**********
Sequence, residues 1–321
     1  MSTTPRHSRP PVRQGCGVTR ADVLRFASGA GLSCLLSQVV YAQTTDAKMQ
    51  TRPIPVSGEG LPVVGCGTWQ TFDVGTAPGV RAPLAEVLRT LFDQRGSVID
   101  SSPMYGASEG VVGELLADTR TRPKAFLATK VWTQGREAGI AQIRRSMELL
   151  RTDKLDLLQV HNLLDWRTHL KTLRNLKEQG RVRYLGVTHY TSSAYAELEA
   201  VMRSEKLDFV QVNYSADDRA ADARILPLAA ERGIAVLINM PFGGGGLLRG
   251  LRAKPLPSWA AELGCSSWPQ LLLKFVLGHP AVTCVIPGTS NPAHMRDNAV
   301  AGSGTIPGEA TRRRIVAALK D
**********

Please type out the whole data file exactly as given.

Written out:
Sequence, residues 1–321
     1  MSTTPRHSRP PVRQGCGVTR ADVLRFASGA GLSCLLSQVV YAQTTDAKMQ
    51  TRPIPVSGEG LPVVGCGTWQ TFDVGTAPGV RAPLAEVLRT LFDQRGSVID
   101  SSPMYGASEG VVGELLADTR TRPKAFLATK VWTQGREAGI AQIRRSMELL
   151  RTDKLDLLQV HNLLDWRTHL KTLRNLKEQG RVRYLGVTHY TSSAYAELEA
   201  VMRSEKLDFV QVNYSADDRA ADARILPLAA ERGIAVLINM PFGGGGLLRG
   251  LRAKPLPSWA AELGCSSWPQ LLLKFVLGHP AVTCVIPGTS NPAHMRDNAV
   301  AGSGTIPGEA TRRRIVAALK D